How to test: Have your serum ferritin level drawn Common in women after they stop menstruating, elevated iron levels can be indicative of a heightened cancer risk. Excess iron in the body works as a powerful oxidant, increasing free radicals thereby raising your risk. If you are a post-menopausal woman or have been diagnosed with breast cancer you will certainly benefit from having your Ferritin level drawn. Ferritin is the iron transport protein and should not be above 80 ng/ml. If it is elevated you can simply donate your blood to reduce high ferritin levels and cancer risk.
How to test: Get your estrogen ratios checked Researchers have found that the body metabolizes estrogen into several different metabolites that can impact cancer development. One metabolite, 2-hydroxy-estrone, tends to inhibit cancer, whereas another 16-a-hydroxy-estrone can actually stimulate tumor development.A woman’s “bio-mechanical individuality” and liver metabolism determines which of these metabolites predominates. Studies have shown that measuring the ratio of these two metabolites provides an important indication of risk for future development of estrogen-sensitive cancers, including breast cancer.
Low Glutathione Levels
How to test: Get a Glutathione level test Glutathione is the key protective molecule of your immune system. It is the cell’s most important antioxidant and is needed in detoxification. Research now demonstrates the correlation between a decrease in this molecule and increased risk of disease including cancer. Therefore, ensuring you have optimal glutathione levels can reduce your risk.
Elevated Breast Inflammation
How to test: Get a breast thermography A breast thermography is a diagnostic tool that uses in to detect the potential for cancer. By identifying areas of high inflammation, you can address the underlying cause of the inflammation before cancer has a chance to develop.
How to test: Iodine Loading Test Get sufficient Iodine – other than the thyroid, the highest concentration of iodine is found in women’s breast tissue. When the level of iodine is low, the risk of acquiring breast cancer is greater. Actually, it is estimated that 95% of the world’s population is iodine deficient. You can see what your iodine levels are with Iodine testing. Iodine testing is simple. It is a 24-hour urine test.
You can also do an iodine patch test on the inside of your arm with tincture of iodine. Check to see how long it takes for your body to absorb it. If the patch is gone in 24 hours you are iodine deficient. The body’s deficiency is proportionate – the faster the iodine is absorbed by your body, the more deficient you are.
You can increase your iodine level by eating iodine-rich foods like seafood, kelp, seaweed, dulse, Himalayan sea salt or taking iodine supplementation (make sure your supplement contains iodine and iodide). However, there’s significant controversy over the appropriate dosage, so you do need to use caution here and look at your personal medical history and other factors. If any questions, please talk to us.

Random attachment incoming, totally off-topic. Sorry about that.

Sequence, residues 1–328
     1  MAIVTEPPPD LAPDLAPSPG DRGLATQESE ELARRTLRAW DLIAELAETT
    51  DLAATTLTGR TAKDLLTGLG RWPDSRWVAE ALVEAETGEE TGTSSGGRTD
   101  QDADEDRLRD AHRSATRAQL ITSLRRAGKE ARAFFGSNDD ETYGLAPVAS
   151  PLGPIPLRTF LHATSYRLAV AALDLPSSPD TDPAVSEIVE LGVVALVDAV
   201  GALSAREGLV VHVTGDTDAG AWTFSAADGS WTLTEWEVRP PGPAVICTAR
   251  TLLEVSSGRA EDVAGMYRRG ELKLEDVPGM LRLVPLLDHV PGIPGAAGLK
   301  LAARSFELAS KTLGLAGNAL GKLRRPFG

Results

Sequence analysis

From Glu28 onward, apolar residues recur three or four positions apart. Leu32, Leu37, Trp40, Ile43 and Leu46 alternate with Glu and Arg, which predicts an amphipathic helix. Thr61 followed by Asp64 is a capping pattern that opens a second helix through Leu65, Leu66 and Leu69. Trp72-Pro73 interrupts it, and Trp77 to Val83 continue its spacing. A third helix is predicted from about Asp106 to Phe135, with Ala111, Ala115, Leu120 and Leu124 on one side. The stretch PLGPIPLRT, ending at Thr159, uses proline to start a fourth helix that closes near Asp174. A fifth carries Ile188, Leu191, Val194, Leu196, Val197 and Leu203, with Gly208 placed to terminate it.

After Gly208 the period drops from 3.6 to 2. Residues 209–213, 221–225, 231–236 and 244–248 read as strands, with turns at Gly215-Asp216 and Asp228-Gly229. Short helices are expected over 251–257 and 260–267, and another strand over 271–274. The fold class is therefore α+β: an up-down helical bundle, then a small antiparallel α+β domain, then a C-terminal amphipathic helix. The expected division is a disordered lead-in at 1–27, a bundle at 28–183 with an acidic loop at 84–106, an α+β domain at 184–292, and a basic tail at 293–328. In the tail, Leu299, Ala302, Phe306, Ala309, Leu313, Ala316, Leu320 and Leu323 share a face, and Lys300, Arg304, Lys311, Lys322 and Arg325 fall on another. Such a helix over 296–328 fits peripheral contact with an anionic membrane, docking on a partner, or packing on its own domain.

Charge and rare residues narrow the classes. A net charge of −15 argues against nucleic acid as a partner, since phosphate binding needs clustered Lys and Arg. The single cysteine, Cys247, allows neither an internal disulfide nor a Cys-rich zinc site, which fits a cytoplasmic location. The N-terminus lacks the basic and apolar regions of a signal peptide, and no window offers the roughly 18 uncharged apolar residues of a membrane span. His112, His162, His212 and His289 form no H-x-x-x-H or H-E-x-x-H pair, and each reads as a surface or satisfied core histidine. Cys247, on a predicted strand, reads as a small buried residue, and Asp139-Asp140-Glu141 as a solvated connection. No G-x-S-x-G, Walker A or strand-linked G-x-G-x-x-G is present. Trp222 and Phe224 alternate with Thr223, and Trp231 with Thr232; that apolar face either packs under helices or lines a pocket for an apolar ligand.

What else can you do to REDUCE your risk?
The steps we recommend taking to reduce your risk of Breast Cancer are also those of reducing your risk for many other diseases. In an effort to help you live a healthier life, we invite you to take note of which areas of your life need a little extra attention. Even small changes can lead to healthy habits, and can dramatically impact your future health.
In part I, of our Breast Cancer series we addressed how important your diet is in reducing your risk. Your diet can nourish your body, aid in detoxification, and support the following breast cancer prevention strategies:
Maintain a healthy balance of Estrogen
Estrogen is produced in fat tissue, which is the primary non-ovarian site for production. Consequently, women with excess weight have higher levels of estrogen which are associated with a greater risk for breast cancer. It is imperative that you maintain a healthy body weight if your goal is reducing your risk.We recommend and believe in reducing your weight and balancing your hormones, by adopting a nutritious diet and engaging in regular, physical activity to help prevent breast cancer.
Apply this advice today by structuring your week, so you log 30 minutes of exercise on most days of the week. If you have a hard time getting a solid 30 minutes, try breaking up your workouts to two shorter 15 minute bouts. When it comes to weight loss and exercise, weight training can have the greatest impact on your metabolic rate. In other words, when you build muscle, you’ll burn more fat calories throughout the day (even when you aren’t exercising). Over time, building muscle can have a big impact not only on losing weight but maintaining it.
Optimize your Vitamin D
Optimizing your Vitamin D will radically reduce your cancer risk. Levels that are over 50 ng/ml are satisfactory, but levels 70-100 ng/ml are ideal. Vitamin D is produced in the skin, as a response to sunlight and many factors come into play when it comes to producing it efficiently. In the Chicago-land area, and other temperate regions supplementation may be especially helpful in the winter months. We advise getting your Vitamin D levels checked at least once a year to ensure they are supportive of good health.
Get Proper Sleep